I am also in favor of somesort of design and coding standards.  You dont want then real specific as this limits the programmer and you will usually not get the best solution to the problem.  It needs to be tailored to what you are working on.  Is you shop working on a live system where modifieng and remodifieng the same code in rapid order and going almost imediatly to production.  In these situations a good english requirements doc that is kept up to date that tells in plain english what programs are used in the process and what each is doing takes alot of guess work out of weather or not something is working correctly or a situation is accounted for without wasting the programmers time as a Business Analyst type person can read and maintain that.  Also given the complexity of the program and process somesort of design even if its a simple dataflow or higher level process flow to me gives you a better result in the end.  Your good programmers will already be doing somesort of design even if its in their heads for the processes and programs they are working on the mediocer and bad ones are probably not.  By making even a base reqirement that can be chaecked forces those that normally wouldn't to at least think ahead a little about how they are going to get from point A to the desired end result.  An example of why this is good is the process I am working on now.  It takes 1 input file producess 5 reports and 2 output files from this using several database tables for mapping and verifications.  It was written with no plan and runs all over the place often doing the same thing multiple times for no other reason than they were not sure they had done it yet in the book of code it took for them to do it, then lets talk about the 25 internal work disk files it uses.  Does it work yes.  Is it effecient or good code or design Hell no.  Guess thats why I am here on contract trying to figure out exactly what it does as there is no requirements doc here either so no one is sure exactly everyhting its supposed to be doing so I can rewrite it to hopefully be two or three times faster.  This program would never have become if a little forethought was taken to what really needed to be done and how they planned to get there.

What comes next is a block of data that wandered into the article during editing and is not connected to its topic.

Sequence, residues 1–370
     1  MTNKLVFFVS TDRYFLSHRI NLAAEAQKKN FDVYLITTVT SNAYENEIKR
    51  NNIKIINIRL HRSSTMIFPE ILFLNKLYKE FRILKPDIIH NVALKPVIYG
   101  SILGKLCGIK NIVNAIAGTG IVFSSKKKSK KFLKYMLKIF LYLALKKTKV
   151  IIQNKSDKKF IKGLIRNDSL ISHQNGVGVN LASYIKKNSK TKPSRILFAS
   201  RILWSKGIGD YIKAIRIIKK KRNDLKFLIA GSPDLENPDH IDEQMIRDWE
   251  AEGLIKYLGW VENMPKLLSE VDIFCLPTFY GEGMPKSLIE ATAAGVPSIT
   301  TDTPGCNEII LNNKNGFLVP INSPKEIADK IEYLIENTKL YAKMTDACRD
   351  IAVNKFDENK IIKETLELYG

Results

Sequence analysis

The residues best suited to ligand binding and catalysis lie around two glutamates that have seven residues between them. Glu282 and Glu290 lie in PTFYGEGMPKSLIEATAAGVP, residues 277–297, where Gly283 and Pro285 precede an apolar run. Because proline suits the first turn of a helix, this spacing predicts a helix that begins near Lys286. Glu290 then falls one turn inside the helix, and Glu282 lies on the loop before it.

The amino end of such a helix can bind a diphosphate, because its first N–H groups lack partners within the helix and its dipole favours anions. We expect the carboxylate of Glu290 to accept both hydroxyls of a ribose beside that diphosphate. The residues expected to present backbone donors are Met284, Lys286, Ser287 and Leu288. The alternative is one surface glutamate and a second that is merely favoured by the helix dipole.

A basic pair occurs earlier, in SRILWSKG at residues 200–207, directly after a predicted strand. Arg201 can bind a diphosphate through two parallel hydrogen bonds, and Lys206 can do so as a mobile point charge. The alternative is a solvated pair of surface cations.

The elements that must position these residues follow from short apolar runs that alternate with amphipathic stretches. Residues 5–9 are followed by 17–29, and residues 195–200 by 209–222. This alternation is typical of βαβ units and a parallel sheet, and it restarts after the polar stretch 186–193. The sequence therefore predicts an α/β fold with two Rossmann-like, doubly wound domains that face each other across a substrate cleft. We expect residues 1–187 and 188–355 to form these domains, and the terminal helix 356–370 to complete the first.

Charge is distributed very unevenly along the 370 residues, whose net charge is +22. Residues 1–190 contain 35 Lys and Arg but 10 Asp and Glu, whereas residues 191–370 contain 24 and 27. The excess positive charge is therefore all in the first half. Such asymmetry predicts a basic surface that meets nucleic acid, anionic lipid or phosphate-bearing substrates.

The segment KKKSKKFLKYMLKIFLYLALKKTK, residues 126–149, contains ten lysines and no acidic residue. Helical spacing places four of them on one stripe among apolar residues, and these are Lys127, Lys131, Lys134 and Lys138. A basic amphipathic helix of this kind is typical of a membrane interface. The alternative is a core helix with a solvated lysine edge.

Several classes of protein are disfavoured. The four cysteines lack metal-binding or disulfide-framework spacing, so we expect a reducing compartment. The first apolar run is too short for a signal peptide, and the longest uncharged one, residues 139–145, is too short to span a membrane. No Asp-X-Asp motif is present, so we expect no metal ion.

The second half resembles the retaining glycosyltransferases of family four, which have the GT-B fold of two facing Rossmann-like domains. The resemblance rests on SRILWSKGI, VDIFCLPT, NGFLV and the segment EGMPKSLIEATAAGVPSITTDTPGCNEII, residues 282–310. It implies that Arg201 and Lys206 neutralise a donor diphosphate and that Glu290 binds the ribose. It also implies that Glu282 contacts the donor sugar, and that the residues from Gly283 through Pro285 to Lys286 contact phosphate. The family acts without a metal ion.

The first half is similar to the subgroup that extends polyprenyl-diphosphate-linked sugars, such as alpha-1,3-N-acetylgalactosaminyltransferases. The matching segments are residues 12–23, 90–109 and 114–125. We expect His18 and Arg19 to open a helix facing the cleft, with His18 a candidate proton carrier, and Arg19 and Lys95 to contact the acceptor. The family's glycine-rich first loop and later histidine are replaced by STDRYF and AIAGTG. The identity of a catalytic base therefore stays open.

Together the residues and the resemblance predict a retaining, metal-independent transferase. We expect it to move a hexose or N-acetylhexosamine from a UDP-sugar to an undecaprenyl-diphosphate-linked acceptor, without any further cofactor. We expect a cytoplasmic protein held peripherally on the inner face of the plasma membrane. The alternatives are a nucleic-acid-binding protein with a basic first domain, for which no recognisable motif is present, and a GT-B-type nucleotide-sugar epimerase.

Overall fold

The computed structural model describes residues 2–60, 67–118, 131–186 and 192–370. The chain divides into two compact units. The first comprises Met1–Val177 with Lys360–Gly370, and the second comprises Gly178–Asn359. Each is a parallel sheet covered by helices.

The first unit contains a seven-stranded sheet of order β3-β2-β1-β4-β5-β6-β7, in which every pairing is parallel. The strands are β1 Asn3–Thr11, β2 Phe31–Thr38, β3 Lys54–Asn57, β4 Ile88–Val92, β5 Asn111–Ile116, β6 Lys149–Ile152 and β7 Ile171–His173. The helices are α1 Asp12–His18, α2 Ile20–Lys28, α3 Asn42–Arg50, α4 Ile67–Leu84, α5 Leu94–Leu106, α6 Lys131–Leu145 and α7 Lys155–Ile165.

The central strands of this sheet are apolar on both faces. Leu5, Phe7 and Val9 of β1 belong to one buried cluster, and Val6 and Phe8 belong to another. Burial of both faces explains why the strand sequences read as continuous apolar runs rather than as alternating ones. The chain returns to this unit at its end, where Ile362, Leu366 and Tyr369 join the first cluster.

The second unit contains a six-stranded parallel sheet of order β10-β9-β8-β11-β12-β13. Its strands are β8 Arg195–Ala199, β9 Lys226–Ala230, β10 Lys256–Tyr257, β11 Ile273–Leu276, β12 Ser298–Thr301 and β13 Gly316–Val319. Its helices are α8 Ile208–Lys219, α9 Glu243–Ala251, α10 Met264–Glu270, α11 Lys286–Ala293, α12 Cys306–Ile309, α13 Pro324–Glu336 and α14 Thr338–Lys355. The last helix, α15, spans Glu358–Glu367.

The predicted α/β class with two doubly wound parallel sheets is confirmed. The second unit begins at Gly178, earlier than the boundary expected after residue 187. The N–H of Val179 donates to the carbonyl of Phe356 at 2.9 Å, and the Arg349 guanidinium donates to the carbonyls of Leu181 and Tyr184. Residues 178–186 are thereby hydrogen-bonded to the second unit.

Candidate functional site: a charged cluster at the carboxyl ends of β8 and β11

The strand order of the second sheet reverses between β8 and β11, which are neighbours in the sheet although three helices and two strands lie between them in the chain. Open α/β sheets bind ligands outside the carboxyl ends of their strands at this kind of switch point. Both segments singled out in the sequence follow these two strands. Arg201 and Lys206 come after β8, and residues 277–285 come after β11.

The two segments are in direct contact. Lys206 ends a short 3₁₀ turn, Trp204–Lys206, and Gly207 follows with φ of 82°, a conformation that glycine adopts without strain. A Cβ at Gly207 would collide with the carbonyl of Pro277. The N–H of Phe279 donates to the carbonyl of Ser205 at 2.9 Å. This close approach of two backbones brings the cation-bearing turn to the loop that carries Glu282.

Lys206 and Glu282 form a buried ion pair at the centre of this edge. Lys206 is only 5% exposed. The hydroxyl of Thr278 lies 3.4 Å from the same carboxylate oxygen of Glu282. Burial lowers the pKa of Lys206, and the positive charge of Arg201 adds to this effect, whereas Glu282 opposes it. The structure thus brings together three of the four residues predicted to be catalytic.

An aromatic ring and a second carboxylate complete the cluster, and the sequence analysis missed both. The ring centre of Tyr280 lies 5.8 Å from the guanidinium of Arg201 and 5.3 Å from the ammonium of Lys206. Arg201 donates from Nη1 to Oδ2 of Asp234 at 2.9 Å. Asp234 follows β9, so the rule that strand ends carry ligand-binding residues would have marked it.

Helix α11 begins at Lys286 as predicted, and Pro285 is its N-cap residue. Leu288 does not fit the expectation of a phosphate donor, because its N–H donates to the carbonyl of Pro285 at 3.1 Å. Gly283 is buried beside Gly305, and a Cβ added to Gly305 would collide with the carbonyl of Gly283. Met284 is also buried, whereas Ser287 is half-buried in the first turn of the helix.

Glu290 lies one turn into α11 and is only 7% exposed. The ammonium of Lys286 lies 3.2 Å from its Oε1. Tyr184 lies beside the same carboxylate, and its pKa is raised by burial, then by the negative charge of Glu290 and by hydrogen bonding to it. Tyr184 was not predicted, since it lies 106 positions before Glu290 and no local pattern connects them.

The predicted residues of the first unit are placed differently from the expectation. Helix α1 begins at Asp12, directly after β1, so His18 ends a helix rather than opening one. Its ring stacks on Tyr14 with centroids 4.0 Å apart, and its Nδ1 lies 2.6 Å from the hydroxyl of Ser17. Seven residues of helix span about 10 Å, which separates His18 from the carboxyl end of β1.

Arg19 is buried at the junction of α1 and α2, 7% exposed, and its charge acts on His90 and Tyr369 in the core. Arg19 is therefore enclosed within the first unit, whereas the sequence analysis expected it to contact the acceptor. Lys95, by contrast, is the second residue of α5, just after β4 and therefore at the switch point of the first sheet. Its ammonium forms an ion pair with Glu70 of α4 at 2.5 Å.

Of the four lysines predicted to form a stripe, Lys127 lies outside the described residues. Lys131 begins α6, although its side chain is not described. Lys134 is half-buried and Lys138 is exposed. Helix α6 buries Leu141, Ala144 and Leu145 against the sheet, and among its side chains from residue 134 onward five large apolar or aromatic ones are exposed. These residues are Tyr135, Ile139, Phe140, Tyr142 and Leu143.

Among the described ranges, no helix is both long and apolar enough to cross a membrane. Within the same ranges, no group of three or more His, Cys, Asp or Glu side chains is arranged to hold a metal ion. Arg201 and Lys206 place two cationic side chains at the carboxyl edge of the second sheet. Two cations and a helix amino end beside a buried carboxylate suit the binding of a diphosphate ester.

Douglas Send private email
Monday, November 22, 2004
 
 
Douglas:

Give us a break, and put in a <CR> every so often.  I think that would be a good standard.  Otherwise, it is very hard to read your stuff.

OP: Standards are nice, if they are good.  The problem with Software Engineering these days is that we are *still* evolving our standards.  Thus, if you mandate standards too early, you can force development into non-productive work.

I think most SW developer's experience is either no standards, or standards that lead to more work with no benefit to the programmer or the product.

Note that neither CMM nor IS0-9000 have much to say about *productivity*.  The *assumption* is that good standards and good quality will lead to *higher* productivity -- but that is certainly not proven yet.

On the other hand, if you don't draw a line in the sand by setting a standard, you have no way to measure how close or far you are.  It's just necessary to have some way of moving the line, if you find you've drawn it in the wrong place.  This is the part that tends to be implemented poorly if at all -- how do you change your standard when it needs it?  Who decides?
AllanL5
Monday, November 22, 2004
 
 
I worked with ISO9000 and it is only unnecessary bureaucracy. I'm guessing CMM is the same thing.

A good software process that delivers quality products and services should not be bureacratic.
Dino
Monday, November 22, 2004
 
 
I worked with ISO9000 and it was not overly bureaucratic. It depends how you implement it.

As an aside, it's certainly true that programmers hate doing 'busy' work. For many programmers I know 'busy' work includes:

*Documenting your code
*Testing your code
*Ensuring your code is easy to read
*Ensuring your code follows coding guidelines

Many programmers, myself included, need a little persuasion to ensure that these essential items are in fact done.
David Clayworth
Monday, November 22, 2004
 
 
David,

*Documenting your code
*Testing your code
*Ensuring your code is easy to read
*Ensuring your code follows coding guidelines

Well, your last one can be handled by simple formatting tools.  The second one can be *mostly* handled by automated testing.